Tuesday, March 02, 2004

The Passion Bandwagon

Well, I've finally finished Atlas Shrugged. And boy are my arms tired.
I'll share something I find interesting from the John Galt speech (p1029, softcover edition):

If a mother buys food for her hungry child rather than a hat for herself, it is not a sacrifice: she values the child higher than the hat; but it is a sacrifice to the kind of mother whose higher value is the hat, who would prefer her child to starve and feeds him only from a sense of duty. If a man dies fighting for his own freedom, it is not a sacrifice: he is not willing to live as a slave; but it is a sacrifice to the kind of man who's willing.

I saw The Passion of the Christ last Thursday. In light of that movie, I found this quote very interesting. If Ayn Rand hadn't considered the death of Christ to be a cosmic waste of time, literature, and intellect, she might have said that his death wasn't a sacrifice: He simply gave up something good for something better.

I'd have to agree.

Let us fix our eyes on Jesus, the author and perfecter of our faith, who for the joy set before him endured the cross, scorning its shame, and sat down at the right hand of the throne of God. Consider him who endured such opposition from sinful men, so that you will not grow weary and lose heart.
In your struggle against sin, you have not yet resisted to the point of shedding your blood.

-Hebrews 12.2-4

The Passion is aptly named, because it gives little back story, concentrating solely on Jesus' death. He performs one miracle at the beginning of the movie, and otherwise demonstrates how a good man might die well. Oh, and a bunch of guys beat the crap out of him. Frankly, I've seen secular films that were more inspiring that this.

The death of Jesus, in isolation, is meaningless. Most of the people who have ever lived have also died, and many of them unjustly. In one scene, while Jesus stumbles under the weight of his cross, his mother runs up to him to offer what small comfort she can. He takes her face in his hand and says, "See Mother, I make all things new!"
But we don't see. The resurrection is limited to the last 45 seconds of the film, rendered anticlimactic, far more subdued than the brutal beating we watched for the previous two hours.

And those beatings were only a mosquito bite compared to the real suffering Jesus endured that could never be captured on film: the separation of himself from the Father. Judas' guilt drove him to suicide; imagine such a guilt magnified billions of times, and one might come close to understanding the burden placed on Jesus.

So what is the point? The passage from Hebrews explains it well: my knowledge of the suffering of Jesus keeps my own life in perspective. I put up with some crap from time to time, and some of it has been my own fault--but it's nothing compared to what Jesus had to put up with... if "put up with" is even an appropriate phrase. This point is alighted upon in one of the movie's flashback scenes, when Jesus tells his disciples that they ought not expect better treatment than what he will receive.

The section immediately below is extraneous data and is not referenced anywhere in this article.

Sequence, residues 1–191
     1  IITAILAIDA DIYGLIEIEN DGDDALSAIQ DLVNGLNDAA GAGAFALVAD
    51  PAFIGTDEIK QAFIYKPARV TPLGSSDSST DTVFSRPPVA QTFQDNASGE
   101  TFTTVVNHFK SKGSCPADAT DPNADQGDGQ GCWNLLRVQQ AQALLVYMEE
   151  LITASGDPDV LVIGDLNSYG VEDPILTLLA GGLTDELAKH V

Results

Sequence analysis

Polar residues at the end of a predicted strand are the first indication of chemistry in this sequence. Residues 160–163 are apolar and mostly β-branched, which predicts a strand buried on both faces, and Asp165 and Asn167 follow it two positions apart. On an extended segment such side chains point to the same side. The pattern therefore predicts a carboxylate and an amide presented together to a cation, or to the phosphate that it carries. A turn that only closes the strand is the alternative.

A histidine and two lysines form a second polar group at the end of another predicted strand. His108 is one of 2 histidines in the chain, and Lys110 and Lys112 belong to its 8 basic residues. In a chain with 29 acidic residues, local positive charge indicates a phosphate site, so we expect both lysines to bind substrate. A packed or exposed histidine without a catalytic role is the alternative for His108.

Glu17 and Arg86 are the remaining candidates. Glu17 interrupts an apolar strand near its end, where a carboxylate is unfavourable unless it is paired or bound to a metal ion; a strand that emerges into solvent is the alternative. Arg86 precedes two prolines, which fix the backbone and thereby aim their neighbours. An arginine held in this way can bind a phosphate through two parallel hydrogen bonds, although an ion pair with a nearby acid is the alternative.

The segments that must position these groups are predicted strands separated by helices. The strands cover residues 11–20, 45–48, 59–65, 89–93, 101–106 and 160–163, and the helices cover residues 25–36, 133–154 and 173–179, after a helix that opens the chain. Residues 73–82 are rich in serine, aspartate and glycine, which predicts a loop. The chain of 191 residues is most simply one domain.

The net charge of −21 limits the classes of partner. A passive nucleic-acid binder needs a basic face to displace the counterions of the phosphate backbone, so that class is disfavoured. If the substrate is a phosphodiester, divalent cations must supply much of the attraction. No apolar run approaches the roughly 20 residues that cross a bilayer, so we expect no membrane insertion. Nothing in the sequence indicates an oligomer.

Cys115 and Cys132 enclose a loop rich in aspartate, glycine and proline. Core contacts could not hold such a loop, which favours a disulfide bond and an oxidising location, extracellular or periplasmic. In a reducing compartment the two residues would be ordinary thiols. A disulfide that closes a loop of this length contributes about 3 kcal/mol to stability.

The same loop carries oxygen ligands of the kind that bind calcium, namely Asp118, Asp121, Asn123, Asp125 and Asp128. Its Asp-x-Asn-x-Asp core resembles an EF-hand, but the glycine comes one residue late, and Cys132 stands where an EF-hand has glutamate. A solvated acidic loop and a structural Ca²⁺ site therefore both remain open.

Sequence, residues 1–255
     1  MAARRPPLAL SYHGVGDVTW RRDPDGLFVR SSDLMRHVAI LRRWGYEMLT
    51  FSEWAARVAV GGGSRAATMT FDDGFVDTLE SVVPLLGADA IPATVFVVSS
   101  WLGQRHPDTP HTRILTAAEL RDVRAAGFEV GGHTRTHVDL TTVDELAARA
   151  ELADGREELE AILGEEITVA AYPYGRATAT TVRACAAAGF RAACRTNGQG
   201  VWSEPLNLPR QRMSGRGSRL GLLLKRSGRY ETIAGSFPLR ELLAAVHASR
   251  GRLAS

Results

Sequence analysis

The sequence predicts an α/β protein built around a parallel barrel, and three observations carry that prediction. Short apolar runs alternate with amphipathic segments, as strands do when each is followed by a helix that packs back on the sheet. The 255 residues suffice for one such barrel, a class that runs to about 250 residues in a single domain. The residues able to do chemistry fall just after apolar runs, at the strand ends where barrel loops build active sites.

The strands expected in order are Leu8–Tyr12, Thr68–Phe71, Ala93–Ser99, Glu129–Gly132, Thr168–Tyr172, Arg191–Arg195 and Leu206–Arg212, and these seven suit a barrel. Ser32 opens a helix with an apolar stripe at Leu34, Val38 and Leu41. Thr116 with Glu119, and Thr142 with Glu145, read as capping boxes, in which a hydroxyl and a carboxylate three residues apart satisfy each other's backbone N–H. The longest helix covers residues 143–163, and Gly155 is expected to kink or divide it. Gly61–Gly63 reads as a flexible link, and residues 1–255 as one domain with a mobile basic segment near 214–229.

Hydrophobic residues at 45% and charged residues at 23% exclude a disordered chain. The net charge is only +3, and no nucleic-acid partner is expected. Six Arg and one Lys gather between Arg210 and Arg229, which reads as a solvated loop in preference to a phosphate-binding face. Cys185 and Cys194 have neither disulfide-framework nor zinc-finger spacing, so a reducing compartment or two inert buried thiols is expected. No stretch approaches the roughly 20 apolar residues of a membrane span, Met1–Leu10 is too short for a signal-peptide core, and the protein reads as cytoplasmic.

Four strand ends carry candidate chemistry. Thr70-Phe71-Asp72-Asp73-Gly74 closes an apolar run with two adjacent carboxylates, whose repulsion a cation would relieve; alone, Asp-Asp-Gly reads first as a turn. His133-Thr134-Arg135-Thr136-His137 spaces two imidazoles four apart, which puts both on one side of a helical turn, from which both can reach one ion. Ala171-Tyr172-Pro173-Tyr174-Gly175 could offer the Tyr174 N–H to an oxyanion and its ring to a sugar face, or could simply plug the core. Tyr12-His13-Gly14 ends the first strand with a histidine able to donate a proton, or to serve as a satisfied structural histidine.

And for those who haven't been keeping score, the Jews didn't kill Jesus. The Romans didn't kill Jesus. We did, insofar as our sin necessitated his death. I didn't encounter the idea of the Jews as a race being responsible for Jesus' death until I was in college, and at the time I thought it was quite silly. I take it more seriously now, in the realization that others take it very seriously; it's still nonsense, though.

But I digress. What was my original point? Oh, yes.
Apart from reminding myself that I shouldn't expect to get off any easier than Jesus did, I really don't see the point of dwelling on his death. "He suffered. Oh, he suffered. Look how much he suffered. He did it for you, too." Meh. Am I forever thankful? Lord, yes. But can we move on? He rose from the dead! I don't have to live by every whim of my desperately wicked heart. I can get all up in God's grill, so to speak. And you know why he died? Because he wanted to. We are the joy set before him, those who will accept his payment and embrace the freedom he gave us.

As a born-again Christian, I understood the meaning behind Jesus' statement, "I make all things new." But I also recognized that anyone who didn't have at least a familiarity with the New Testament Scripture would find that scene highly ironic, at best. So that's my major gripe with the movie: context, context, context. Context.

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